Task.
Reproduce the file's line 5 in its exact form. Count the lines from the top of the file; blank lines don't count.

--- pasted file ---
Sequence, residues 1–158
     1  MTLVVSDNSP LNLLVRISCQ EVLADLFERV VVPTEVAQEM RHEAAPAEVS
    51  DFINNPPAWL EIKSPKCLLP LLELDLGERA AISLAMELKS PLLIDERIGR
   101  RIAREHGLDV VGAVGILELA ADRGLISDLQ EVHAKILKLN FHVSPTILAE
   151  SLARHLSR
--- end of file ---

   151  SLARHLSR